AIARE level 1 was quite a lot. i was really glad with the school i went to. it allowed for lots of bathroom breaks, a dinner break and some other things. the instructors were really great. going out in the field was helpful too, as well as practicing companion rescue. i did companion rescue alone, then in a group of 3 two different times. then in a group of 6 once at the end. it was eye opening - although i've done it before a backcountry tour in Jackson hole, it's not the same thing as taking the course i would say. in the field we took a look at terrain and would evaluate the hazards as well as taking into account the avy problems for the day.

Then later in my long weekend, while touring, i learned to read the forecast and lay out the avy problems for the day, which aspects and types. then learned to plan a route based off the avy forecast (to not enter avy territory). then we'd take weather obs while touring. there was storm slab risk everywhere b/c it had been dumping for several days so we were always testing the snowpack and doing a weather observation in our blue books - also evaluating terrain, say taking out an inclinamator to check slope angles.

transitions, apparently i complicate things by doing too much or fiddling with too much. the less to do the easier my life is. also the faster we move and the more we get to do. we got some great powder runs. it was amazing. as we traversed on ridges well below treeline it was really eye opening to see the guide pick safe routes to access safe terrain. there's so much i need to learn. he had to break trail quite a bit b/c there was just snow everywhere. we'd circle back to do the same run maybe pick a different line, and the snow had already buried our track.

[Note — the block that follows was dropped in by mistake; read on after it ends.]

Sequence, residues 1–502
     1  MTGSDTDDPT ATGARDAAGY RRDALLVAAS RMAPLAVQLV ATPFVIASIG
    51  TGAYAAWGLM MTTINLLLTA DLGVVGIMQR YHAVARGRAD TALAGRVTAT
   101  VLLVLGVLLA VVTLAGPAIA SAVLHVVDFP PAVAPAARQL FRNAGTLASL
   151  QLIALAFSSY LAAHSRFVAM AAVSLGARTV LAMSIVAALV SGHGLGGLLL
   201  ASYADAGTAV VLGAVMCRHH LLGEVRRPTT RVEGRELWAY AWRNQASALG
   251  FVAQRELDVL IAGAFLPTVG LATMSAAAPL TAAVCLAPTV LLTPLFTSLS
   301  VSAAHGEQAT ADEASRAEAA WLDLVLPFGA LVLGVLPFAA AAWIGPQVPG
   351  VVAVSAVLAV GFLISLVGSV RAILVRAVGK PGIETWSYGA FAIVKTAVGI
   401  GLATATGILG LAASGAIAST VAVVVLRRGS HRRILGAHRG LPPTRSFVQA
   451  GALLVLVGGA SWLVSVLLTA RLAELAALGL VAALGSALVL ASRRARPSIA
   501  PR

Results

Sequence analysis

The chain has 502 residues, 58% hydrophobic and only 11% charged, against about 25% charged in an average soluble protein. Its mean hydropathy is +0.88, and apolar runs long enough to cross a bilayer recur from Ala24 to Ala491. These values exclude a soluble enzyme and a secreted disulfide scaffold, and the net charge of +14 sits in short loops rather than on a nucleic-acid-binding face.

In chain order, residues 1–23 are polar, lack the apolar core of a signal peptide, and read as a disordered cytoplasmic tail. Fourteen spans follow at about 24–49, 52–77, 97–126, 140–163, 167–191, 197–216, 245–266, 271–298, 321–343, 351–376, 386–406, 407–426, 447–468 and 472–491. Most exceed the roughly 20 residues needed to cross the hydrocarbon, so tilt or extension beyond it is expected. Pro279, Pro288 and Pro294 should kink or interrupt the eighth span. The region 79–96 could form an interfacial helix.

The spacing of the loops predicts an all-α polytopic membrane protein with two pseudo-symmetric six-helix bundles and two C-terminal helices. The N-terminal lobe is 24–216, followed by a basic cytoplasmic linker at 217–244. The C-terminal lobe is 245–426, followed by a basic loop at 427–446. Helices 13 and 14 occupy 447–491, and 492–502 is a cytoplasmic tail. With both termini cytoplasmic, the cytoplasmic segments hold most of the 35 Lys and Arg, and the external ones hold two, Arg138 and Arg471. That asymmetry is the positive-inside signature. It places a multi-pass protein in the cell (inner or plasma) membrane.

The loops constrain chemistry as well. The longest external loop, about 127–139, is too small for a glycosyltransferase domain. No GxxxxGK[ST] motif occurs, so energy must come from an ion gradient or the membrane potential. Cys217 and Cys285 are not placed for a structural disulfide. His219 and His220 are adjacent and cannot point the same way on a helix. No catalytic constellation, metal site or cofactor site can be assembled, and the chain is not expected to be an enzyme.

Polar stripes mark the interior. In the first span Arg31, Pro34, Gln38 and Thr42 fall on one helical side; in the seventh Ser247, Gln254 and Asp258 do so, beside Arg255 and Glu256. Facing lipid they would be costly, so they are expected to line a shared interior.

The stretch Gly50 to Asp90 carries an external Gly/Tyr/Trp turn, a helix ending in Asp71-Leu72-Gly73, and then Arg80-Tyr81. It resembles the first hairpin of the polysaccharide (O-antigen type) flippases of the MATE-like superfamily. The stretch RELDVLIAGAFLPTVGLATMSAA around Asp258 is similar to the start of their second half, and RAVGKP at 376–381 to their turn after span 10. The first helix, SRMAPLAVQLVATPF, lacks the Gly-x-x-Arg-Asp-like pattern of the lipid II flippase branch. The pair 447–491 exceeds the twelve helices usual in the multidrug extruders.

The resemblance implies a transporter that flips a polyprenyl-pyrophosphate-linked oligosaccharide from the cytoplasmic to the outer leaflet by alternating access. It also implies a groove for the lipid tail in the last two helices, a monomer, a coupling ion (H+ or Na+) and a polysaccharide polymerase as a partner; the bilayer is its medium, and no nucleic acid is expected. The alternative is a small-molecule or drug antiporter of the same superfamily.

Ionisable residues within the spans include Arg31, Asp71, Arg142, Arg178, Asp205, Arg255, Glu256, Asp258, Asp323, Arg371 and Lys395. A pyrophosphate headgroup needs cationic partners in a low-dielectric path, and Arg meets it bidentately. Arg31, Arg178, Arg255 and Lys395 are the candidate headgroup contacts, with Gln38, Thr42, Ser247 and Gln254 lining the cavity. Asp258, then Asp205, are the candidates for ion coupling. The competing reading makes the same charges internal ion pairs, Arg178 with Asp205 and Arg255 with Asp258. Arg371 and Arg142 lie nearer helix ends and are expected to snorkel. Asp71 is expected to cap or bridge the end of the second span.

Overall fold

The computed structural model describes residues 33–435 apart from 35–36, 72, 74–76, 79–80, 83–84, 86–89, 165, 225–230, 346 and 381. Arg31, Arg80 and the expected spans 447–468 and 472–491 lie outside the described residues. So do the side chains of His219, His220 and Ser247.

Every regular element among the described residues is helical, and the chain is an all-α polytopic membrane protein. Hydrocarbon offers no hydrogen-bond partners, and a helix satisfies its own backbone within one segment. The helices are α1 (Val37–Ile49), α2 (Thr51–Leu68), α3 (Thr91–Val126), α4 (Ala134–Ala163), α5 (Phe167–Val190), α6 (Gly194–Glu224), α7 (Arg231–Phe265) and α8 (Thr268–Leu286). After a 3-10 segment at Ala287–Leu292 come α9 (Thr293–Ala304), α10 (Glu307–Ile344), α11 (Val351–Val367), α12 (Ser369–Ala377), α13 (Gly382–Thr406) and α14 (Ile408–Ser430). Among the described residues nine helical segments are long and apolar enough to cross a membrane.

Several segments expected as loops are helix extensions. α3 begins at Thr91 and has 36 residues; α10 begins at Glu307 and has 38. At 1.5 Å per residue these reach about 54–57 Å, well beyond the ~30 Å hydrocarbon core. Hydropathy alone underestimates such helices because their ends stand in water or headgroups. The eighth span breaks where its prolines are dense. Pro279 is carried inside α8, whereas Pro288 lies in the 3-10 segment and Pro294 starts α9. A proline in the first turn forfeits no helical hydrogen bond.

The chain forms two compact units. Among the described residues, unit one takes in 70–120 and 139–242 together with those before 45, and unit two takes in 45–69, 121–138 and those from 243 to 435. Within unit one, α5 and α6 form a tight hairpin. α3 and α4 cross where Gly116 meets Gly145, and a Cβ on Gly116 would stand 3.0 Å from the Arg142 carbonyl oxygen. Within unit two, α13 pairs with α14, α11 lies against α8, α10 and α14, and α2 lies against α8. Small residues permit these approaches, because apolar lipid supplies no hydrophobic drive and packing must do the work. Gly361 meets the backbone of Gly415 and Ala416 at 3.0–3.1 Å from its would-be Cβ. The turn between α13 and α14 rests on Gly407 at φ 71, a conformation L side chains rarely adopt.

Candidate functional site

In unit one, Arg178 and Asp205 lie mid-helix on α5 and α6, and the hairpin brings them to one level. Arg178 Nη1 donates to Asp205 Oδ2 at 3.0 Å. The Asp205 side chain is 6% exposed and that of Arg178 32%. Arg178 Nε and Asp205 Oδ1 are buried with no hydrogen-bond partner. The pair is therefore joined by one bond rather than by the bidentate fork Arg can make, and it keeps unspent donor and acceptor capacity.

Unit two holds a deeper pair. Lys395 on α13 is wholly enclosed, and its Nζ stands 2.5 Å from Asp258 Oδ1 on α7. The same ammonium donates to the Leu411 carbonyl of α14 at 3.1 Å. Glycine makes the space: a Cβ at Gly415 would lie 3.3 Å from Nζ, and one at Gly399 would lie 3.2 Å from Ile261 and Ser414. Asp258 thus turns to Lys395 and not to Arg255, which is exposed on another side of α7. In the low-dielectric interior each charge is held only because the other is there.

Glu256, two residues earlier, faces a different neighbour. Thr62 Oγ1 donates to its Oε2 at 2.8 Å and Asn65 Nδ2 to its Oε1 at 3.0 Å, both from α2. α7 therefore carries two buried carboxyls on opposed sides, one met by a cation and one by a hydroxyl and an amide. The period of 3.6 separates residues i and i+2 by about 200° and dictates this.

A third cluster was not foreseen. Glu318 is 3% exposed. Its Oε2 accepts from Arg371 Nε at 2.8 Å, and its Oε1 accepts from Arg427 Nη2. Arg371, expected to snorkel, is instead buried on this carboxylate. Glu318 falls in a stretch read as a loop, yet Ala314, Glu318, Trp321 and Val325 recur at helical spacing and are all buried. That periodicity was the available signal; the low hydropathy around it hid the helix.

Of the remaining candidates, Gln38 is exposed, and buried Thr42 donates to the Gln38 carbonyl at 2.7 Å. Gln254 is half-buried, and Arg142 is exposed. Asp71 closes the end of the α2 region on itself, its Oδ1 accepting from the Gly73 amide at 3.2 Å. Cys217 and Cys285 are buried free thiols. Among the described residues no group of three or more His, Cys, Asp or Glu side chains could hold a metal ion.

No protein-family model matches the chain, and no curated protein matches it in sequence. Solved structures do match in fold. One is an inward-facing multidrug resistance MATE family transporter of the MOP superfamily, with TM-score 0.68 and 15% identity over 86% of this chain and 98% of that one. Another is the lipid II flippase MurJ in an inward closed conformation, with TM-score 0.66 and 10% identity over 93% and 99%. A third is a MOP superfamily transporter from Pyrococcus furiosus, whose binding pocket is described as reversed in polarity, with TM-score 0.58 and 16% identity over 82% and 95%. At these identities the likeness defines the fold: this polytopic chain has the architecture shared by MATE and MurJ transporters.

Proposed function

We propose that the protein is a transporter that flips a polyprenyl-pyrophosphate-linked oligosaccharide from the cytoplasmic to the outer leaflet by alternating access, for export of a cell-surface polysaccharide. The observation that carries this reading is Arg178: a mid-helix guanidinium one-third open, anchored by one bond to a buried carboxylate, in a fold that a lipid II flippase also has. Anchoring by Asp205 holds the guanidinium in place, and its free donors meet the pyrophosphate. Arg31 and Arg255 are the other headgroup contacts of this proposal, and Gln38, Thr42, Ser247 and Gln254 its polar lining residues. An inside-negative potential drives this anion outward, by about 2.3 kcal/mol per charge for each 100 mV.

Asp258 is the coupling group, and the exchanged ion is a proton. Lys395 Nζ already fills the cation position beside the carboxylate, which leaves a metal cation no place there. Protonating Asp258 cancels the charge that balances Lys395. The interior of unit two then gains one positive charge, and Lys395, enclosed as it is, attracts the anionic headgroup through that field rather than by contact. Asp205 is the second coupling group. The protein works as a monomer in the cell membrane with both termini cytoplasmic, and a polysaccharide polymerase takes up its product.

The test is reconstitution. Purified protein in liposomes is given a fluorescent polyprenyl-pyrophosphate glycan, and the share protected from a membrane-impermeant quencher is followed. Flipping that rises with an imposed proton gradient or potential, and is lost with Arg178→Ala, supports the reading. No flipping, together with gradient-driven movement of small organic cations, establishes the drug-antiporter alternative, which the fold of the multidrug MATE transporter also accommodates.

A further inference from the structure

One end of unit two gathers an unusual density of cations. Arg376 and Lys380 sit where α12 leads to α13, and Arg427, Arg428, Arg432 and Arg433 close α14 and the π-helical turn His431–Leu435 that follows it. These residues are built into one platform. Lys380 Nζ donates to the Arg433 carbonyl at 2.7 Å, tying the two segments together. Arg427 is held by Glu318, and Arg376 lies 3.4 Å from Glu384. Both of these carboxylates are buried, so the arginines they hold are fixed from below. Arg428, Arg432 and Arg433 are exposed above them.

one thing is clear, i need more experience skiing various types of snow. crust, powder, just everything. i have mostly soft snow and groomer experience and not much else. after this long weekend i now have powder experience. but it's not easy to learn when you have a pack on you! i realized the pack makes a huge difference, it can easily make your day miserable if you have a pack that doesn't fit you. also packing it / not over-packing it is super important. but making sure you have everything you need.

i've decided that i want a bag with separate compartment for the skins + shovel + probe, and another compartment for stuff like headlamp, skin wax, extra gloves, food, water. also a bag that fits me. i was using hubs' 45L mammut pack that he used to climb mt. rainier. it kept hitting me in the back of my head... not really ideal!!!

i also dropped my skins in the snow by mistake. i just wasn't thinking. but there's a way to warm up the glue and get the snow off - warm it by "scraping" it on your butt. the hardshell pant scrapes snow off for you and it warms up the glue as well. my husband taught me to scrape it against the ski edge, but the guide i was with said that it scrapes off the glue too which you don't want. it worked well! afterward, also pressing that skin onto the ski totally helped.

thanks @DRG and everyone for your learned tips and advice. this is all really helpful.

i also brought ski crampons but didn't need it. i haven't bootpacked with skis, but i've done it before at Jackson Hole with a snowboard.

i don't remember what skins i have but they're red white and blue with a 3 in the name. the connectors to the ski are really great and easy to get on and off. i like it. my husband and the ski guide have black diamond skins. it's not as good with the attachments as much but they tend to last longer (the glue lasts longer).
 

echo_NY

Angel Diva
Would love any gear recs for pants or packs as noted above!